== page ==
This chocolate buttermilk cake is one of my favorite chocolate cakes. It bakes in a 13×9 inch pan and then it’s topped with a yummy buttermilk glaze that soaks into the cake making it super moist and tasty. You just won’t believe how good this one is.
Previously, I posted a recipe for a moist vanilla buttermilk cake and it became quite popular and for good reason. It’s so good…even if you don’t like buttermilk.
So I thought it would be a good idea to do a chocolate version of this cake and it DOES NOT disappoint.
Hey there! Before you scroll, there’s lot’s of important stuff in the post!…including the FAQ section, which may answer any questions you might have about this recipe. Enjoy!
Let’s go through just a few of the important ingredients in this cake and glaze.
All-purpose flour: You’ll just use regular all-purpose flour here. No fancy flour for this one.
Unsweetened natural cocoa powder (not dutch cocoa powder): You want to use the natural unsweetened and not dutch cocoa powder as this recipe uses both baking soda and baking powder and dutch cocoa powder is not acidic. For more info on why you use one over the other, see this post: Which Cocoa Powder do I Use?
Buttermilk: Buttermilk is the MVP of this cake. Now, if you don’t like buttermilk, don’t panic. I don’t like buttermilk either and I definitely won’t drink it, but when it’s used to make a cake, well the cake will NOT come out tasting like buttermilk.
What buttermilk does is it gives this cake moisture and a really great taste. If you’re hesitant about trying it in a cake, don’t be. It’s SO good.
The glaze uses buttermilk as well, but don’t be scared off by that because it’s just a small amount and you WILL NOT taste the buttermilk…it just ads to the flavor.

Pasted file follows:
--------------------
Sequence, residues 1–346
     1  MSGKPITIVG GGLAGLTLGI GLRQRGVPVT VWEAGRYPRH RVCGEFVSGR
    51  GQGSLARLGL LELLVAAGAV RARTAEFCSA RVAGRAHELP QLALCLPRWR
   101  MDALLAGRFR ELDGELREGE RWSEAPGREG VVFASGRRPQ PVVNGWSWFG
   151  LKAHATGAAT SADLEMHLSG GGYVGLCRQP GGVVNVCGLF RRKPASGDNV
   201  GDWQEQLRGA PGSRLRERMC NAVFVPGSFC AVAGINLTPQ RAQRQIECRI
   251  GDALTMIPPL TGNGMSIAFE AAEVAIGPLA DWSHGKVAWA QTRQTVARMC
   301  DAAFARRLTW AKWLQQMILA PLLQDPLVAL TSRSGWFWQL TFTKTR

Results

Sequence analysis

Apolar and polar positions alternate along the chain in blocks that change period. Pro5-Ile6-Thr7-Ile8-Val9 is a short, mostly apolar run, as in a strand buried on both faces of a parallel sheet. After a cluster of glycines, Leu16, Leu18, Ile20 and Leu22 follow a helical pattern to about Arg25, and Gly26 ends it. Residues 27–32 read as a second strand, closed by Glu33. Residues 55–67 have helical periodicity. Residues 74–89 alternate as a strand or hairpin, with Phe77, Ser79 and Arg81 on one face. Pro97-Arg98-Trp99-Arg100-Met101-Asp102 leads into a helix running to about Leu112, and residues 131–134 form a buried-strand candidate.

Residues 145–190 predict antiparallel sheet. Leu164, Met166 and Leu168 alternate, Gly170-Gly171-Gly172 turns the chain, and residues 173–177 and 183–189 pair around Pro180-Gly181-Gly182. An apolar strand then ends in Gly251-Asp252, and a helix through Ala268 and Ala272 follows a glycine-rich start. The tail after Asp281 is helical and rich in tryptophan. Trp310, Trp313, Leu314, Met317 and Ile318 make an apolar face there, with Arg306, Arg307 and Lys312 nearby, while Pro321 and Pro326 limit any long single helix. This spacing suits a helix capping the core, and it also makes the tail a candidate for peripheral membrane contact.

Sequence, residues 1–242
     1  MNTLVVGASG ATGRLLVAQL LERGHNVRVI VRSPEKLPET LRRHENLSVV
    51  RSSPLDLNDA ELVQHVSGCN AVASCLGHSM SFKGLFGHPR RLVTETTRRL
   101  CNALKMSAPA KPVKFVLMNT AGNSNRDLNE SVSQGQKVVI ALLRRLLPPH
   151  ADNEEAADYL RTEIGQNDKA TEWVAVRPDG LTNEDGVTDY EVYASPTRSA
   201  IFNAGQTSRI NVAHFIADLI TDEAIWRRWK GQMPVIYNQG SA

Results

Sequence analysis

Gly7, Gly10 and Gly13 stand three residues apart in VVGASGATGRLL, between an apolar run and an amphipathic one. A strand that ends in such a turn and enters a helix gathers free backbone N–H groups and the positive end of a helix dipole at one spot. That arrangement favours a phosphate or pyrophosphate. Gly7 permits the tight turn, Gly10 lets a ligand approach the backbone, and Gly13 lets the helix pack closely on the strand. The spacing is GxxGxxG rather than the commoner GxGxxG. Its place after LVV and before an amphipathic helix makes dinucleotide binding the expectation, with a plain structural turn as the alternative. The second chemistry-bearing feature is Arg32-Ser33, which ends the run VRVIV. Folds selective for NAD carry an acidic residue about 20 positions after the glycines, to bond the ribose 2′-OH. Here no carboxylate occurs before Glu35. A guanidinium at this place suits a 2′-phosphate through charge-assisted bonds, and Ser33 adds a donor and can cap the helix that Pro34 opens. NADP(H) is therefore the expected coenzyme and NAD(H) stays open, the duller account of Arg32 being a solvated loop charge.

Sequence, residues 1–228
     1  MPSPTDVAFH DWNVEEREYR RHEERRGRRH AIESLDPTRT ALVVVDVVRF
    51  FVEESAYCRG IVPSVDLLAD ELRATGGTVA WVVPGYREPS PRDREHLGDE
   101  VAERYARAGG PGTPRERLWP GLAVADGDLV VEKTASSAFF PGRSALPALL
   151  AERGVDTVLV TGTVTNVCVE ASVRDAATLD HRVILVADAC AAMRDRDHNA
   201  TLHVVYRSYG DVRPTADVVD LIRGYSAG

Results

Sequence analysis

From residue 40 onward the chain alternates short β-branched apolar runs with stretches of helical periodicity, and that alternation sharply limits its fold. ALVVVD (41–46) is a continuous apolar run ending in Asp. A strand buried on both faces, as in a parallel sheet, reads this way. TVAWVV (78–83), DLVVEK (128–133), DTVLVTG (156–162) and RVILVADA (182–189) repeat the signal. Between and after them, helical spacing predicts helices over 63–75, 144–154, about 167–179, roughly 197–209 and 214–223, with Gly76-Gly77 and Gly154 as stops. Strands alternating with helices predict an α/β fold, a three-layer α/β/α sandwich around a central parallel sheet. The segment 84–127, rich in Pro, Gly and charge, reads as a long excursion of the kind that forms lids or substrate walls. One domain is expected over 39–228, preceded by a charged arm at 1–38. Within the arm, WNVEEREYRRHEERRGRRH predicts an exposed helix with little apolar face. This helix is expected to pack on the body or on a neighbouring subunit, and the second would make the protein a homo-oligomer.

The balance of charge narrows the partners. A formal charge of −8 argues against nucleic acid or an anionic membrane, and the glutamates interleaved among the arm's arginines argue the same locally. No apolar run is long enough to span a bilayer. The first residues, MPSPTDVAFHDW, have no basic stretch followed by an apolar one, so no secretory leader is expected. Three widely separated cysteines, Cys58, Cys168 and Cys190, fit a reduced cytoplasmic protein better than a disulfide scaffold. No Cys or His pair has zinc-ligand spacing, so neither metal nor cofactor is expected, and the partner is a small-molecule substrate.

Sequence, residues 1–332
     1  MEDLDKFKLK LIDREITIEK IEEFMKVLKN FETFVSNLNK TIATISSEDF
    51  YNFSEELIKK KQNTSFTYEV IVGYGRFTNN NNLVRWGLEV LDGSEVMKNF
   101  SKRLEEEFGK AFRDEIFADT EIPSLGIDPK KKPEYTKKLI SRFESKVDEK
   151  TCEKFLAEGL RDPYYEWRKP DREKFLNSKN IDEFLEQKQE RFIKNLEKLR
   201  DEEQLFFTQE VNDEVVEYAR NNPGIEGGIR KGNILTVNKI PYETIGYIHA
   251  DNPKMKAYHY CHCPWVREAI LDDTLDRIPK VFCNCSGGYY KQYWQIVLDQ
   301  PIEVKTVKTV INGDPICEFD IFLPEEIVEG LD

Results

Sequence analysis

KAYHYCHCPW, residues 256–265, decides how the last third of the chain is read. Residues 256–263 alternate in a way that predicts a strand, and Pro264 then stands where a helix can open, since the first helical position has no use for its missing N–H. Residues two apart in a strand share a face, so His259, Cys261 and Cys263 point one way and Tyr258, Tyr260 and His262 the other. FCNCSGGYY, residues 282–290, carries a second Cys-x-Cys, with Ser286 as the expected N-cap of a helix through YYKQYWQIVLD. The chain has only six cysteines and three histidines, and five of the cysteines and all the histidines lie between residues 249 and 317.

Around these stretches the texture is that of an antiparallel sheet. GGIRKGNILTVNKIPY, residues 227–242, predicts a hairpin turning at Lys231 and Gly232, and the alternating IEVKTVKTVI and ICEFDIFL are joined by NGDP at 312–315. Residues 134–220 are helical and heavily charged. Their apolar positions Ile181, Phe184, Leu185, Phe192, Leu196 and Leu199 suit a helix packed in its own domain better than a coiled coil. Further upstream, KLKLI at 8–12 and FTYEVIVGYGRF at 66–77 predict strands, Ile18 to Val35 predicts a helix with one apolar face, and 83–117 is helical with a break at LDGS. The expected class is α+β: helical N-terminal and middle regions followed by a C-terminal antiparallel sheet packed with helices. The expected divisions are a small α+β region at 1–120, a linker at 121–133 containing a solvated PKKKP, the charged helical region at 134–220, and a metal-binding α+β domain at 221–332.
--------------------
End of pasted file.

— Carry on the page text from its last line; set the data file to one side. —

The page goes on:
Unsalted butter: You’ll use this for both the cake and the glaze and you’ll want to make sure it’s at room temperature to make the cake. Make sure to read the Tips and FAQ section in this post to answer questions about substituting it.
Brown sugar: This gives the cake a deeper flavor than just using all granulated sugar. Either type of brown sugar is fine, but I like to use light brown sugar.
For this cake, you’ll use the reverse creaming method. It’s not hard and I go through all the steps in the recipe card below.
This type of creaming method just means that you’ll mix up all the dry ingredients in one bowl, the liquid in another bowl, then you cut in the room temperature butter into the dry mixture and mix until it’s crumbly.
At that point, you’ll add in the liquid in two parts and mix. In my opinion, it’s really easier than the regular creaming method where you’re alternating ingredients.
The glaze is cooked on the stove and then it’s poured over the warm cake (that you’ve poked holes in) and allowed to soak in. Don’t skip that part as that’s what really sets this cake apart.
Before you add the glaze, make sure to poke holes in the warm cake with a skewer (I just used wooden ones) and poke holes all in your cake.
Tips and FAQs
It’s really best to use unsalted butter. With salted butter, you just don’t know how much salt you’ll be adding. If you do decide to use salted butter, then you’ll need to omit the salt that the recipe calls for.
You don’t want to do that as it won’t heat it evenly. If the butter is too warm, it will form a paste when mixed with the dry ingredients and that’s not what you want.
Just set the butter out to come to almost room temperature on it’s own.
You can use either, but I normally use light brown sugar.
Buttermilk is what makes this cake and I really wouldn’t recommend substituting it. There is a substitute for sour milk, but it’s not going to lend the exact same qualities to the cake as real buttermilk would.
This cake will NOT taste like buttermilk though. It just makes the cake more moist and it brings out all the other flavors.
I’m sure that would work just fine although you may want to frost it with something other than the glaze as that would probably be to thin for a layer cake.
You can store this cake covered well in the fridge after it’s been served. It’s best served warm though, so make sure to heat up any leftover slices when you go to eat it.
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Supplies Used for this Cake:
- KitchenAid Artisan mixer or handheld mixer
- Flat Beater Attachment if using a stand mixer